Meghan Markle's Wedding Dress Designer Revealed: Givenchy
The actress said "I do" to Clare Waight Keller, artistic director of Givenchy, a house with a long Hollywood heritage.
After weeks of speculation, Meghan Markle has emerged in a Givenchy couture wedding gown designed by Clare Waight Keller.
The celebrity-packed wedding took place Saturday in St. George's Chapel at Windsor Castle, where guests including Oprah Winfrey; George and Amal Clooney; David and Victoria Beckham; Idris Elba; Tom Hardy; Carey Mulligan; Elton John; Priyanka Chopra; Serena Williams; and Markle's Suits co-stars Gabriel Macht, Patrick Adams, Rick Hoffman, Sarah Rafferty and more gathered to see the American actress marry Prince Harry after a whirlwind romance that even sparked a Lifetime movie.
The gown is modern, sleek and minimal, in keeping with Markle's personal style, with three-quarters-length sleeves, a boat neck, sculpted waist and train that flows in soft round folds, somewhat reminiscent of Carolyn Bessette-Kennedy's famous 1996 gown that was designed by Narciso Rodriguez. The bride wore her hair up, with a filigree tiara loaned by the queen.
Altogether, it's a simpler look than Kate Middleton's Alexander McQueen gown, which had intricate lace sleeves. The elegant, sculptural shoulder line of Markle's dress is quite striking, though, and should be a bridal fashion trendsetter.
It's a shocking turn that Markle went with Waight Keller, the female artistic director of the French fashion house of Givenchy since March 2017. Several other designers had been frontrunners, including Stella McCartney and the British house of Ralph & Russo.
"We wanted to create a timeless piece that would emphasize the iconic codes of Givenchy throughout its history," said Waight Keller in a release, noting the sharp cuts on the dress and details on the organza veil, which has floral embroidery representing all 53 countries of the British Commonwealth, according to the bride's wishes. Crops of wheat were also embroidered on the veil to represent "love and charity." Workers spent hundreds of hours making the pieces, washing their hands every 30 minutes to keep the organza and threads pristine.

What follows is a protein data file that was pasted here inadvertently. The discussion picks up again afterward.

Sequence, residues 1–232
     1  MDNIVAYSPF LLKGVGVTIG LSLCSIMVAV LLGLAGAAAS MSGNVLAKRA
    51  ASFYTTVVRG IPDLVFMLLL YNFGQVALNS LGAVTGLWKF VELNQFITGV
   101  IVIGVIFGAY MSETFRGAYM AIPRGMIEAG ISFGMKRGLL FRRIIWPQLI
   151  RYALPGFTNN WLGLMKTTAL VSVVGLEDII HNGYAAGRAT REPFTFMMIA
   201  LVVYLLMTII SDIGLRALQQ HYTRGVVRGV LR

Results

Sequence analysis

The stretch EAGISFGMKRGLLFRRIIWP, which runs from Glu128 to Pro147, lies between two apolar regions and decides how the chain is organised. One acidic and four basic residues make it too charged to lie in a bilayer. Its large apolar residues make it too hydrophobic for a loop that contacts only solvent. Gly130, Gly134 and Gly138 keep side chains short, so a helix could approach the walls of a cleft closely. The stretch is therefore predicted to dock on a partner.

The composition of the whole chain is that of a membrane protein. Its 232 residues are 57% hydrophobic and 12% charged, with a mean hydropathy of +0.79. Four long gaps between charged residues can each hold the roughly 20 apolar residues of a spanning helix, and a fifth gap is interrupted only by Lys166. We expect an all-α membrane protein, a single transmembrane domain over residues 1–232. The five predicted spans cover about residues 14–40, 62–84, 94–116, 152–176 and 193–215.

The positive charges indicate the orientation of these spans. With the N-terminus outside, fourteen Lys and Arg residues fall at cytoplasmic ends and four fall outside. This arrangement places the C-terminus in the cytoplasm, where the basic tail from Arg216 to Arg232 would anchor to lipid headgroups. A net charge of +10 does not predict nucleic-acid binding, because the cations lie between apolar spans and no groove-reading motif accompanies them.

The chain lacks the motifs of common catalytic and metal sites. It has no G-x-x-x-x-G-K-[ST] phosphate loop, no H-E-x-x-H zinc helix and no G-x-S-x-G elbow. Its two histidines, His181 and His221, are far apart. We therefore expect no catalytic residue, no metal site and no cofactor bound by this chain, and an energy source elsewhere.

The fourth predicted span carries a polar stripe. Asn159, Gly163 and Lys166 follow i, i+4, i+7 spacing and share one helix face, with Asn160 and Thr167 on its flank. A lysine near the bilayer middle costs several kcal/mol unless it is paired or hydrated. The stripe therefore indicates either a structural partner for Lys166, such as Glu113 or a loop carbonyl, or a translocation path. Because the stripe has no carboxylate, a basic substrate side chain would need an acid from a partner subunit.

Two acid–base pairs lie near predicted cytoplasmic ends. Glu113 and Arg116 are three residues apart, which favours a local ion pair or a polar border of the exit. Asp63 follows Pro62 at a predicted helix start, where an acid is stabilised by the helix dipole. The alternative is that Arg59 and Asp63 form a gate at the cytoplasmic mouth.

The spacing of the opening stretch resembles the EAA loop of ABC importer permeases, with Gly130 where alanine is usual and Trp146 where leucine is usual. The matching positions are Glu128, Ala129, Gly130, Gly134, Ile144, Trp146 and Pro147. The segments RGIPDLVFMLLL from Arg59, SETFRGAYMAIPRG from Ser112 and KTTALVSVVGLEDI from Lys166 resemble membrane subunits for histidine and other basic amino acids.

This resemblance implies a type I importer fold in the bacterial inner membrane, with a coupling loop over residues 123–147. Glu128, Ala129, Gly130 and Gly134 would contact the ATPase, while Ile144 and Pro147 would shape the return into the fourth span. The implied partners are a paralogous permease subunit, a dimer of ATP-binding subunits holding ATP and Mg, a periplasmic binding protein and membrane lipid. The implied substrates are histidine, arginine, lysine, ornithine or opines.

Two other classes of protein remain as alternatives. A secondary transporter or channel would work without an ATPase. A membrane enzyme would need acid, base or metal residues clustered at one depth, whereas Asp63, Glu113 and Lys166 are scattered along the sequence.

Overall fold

To 1,000-plus years of British and French rivalry, apparently, Markle said “Pshaw.” Well, sort of. Although Waight Keller is at Givenchy, and before that was at French house Chloe, she is a native Brit who studied for her B.A. at Ravensbourne College of Art. She gained her master's in fashion knitwear at the Royal College of Art.
She also spent time in the U.S. at Calvin Klein and Ralph Lauren, and in the early 2000s relaunched the British heritage brand Pringle of Scotland, after a stint alongside Tom Ford at Gucci. So you might say, she’s about as global a designer as they come.
And Givenchy, of course, has a long Hollywood association. Its namesake, who died earlier this year at age 91, was closely associated with Audrey Hepburn, whom he dressed on- and offscreen, including for Sabrina (1954), Breakfast at Tiffany’s (1961) and more. A French aristocrat, Givenchy founded his label in 1952. Early in his career, he garnered attention stateside for his artist-muse relationship with Hepburn, with whom he also developed a close personal relationship, forging a bond between Hollywood and haute couture that still thrives today. "I’m as dependent on Givenchy as some Americans are on their psychiatrist," the actress once said.
It was a big deal when Waight Keller was appointed the first female artistic director of the fashion house, where she has been steering the company in a more rock 'n’ roll direction. Gal Gadot wore Waight Keller’s sparkly silver fringe gown to the Oscars. Cate Blanchett is also a fan of the designer, who is one of a new generation of women leading storied French fashion brands. "I'm excited for her, I'm excited for women, I'm excited for Givenchy," the actress told THR last year.